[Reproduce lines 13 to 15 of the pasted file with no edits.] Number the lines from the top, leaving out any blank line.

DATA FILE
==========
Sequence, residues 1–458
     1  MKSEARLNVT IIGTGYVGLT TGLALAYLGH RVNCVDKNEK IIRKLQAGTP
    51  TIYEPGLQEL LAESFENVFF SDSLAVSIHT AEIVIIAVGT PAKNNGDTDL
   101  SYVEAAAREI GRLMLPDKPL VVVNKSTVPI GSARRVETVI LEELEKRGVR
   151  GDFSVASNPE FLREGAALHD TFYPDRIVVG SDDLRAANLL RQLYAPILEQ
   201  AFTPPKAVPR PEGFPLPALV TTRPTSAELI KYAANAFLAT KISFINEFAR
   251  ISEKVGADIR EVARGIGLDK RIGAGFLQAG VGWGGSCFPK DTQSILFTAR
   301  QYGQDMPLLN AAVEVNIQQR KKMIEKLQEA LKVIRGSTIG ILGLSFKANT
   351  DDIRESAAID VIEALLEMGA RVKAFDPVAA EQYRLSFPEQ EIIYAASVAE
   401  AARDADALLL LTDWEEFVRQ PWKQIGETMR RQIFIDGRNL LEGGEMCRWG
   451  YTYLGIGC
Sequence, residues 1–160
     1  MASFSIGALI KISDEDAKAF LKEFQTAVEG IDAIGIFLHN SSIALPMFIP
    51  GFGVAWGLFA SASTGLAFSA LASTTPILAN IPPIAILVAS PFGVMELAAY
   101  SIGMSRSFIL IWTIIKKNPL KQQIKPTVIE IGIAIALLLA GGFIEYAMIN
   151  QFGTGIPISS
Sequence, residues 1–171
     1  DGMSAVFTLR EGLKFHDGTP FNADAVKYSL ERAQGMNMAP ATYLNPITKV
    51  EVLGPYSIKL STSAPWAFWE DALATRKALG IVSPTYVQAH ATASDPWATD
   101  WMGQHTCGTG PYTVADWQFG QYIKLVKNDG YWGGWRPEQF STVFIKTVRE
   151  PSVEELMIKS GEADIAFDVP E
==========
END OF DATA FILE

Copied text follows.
     1  MASFSIGALI KISDEDAKAF LKEFQTAVEG IDAIGIFLHN SSIALPMFIP
    51  GFGVAWGLFA SASTGLAFSA LASTTPILAN IPPIAILVAS PFGVMELAAY
   101  SIGMSRSFIL IWTIIKKNPL KQQIKPTVIE IGIAIALLLA GGFIEYAMIN